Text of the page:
Chitin-based biodegradable polymer
Scientists at Harvard University’s Wyss Institute for Biologically Inspired Engineering have developed a new biopolymer that mimics the toughness, durability, and flexibility of natural insect cuticle. A biological composite with a structure akin to plywood, insect cuticle consists of layers of the polysaccharide polymer chitin and protein. The Wyss researchers extracted chitosan sugar from discarded shrimp shells and engineered a thin, transparent film with a strength equivalent to aluminum at only half the weight. The new Chitosan Bioplastic is biocompatible, biodegradable, easily molded into complex shapes, and inexpensive because of the widespread availability of shrimp waste. Because of these beneficial characteristics, the material is a potential replacement for conventional petroleum-based plastic in applications ranging from consumer products to medical uses.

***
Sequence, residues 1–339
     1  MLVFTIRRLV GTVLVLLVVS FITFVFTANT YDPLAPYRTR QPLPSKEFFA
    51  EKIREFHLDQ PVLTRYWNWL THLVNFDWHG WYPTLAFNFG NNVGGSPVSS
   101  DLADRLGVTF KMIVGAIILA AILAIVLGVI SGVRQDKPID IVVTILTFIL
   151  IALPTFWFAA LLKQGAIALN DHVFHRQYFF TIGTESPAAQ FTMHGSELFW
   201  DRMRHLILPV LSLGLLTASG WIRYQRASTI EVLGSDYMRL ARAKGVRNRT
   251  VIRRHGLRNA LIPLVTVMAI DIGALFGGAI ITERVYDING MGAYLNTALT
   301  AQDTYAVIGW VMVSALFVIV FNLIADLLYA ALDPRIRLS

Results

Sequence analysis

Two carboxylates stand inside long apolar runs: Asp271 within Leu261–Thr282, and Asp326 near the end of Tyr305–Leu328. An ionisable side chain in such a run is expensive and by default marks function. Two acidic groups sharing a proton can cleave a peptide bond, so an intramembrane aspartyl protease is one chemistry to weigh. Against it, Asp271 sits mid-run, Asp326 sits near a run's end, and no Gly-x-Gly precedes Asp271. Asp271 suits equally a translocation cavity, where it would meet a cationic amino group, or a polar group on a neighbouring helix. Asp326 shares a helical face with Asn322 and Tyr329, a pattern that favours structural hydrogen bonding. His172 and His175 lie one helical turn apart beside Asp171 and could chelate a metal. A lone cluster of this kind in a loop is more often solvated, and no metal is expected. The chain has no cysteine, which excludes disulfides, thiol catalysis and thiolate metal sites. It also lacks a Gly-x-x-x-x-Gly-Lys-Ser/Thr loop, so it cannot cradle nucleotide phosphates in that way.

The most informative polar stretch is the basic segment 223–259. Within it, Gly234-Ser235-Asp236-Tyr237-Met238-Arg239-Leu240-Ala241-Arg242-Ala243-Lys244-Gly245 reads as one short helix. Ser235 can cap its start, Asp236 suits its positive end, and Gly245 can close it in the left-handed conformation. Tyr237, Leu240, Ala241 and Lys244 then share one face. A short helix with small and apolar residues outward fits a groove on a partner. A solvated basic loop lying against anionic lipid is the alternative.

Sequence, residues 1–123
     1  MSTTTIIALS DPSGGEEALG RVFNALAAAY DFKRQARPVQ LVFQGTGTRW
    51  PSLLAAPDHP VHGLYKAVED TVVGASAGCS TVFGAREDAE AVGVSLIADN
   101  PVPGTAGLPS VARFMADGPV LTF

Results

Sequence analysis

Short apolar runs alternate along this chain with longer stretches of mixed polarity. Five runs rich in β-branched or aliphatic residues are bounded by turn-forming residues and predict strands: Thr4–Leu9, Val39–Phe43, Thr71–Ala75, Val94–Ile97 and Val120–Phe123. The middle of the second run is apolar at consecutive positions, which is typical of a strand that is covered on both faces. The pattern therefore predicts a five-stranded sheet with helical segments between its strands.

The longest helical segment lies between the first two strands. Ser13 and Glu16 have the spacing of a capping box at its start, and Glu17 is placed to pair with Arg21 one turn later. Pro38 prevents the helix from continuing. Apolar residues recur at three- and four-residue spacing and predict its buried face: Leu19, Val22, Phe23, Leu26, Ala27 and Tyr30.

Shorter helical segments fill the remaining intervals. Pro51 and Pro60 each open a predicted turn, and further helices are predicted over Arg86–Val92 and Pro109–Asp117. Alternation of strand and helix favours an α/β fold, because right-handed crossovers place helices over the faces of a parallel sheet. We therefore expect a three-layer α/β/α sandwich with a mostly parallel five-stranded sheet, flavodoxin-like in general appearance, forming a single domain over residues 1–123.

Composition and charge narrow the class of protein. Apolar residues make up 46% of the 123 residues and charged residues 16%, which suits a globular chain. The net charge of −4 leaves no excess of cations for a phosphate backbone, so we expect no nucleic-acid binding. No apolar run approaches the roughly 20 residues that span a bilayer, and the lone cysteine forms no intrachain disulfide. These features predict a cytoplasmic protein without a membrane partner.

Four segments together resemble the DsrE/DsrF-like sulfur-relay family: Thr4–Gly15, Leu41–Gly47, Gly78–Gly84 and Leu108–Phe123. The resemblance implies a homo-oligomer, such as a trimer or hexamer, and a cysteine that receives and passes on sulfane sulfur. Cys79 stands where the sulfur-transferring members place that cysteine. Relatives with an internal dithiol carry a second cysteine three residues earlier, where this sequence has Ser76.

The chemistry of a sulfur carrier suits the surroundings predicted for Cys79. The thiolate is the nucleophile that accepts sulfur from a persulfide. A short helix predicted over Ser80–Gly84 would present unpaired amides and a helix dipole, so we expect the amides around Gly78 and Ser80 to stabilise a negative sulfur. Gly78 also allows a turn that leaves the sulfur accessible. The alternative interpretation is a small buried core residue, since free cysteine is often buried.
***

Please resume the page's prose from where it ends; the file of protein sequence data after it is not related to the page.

Contact: Wyss Institute, Harvard University, Boston, MA, USA.
For more information, see Transmaterial Next: A Catalog of Materials that Redefine Our Future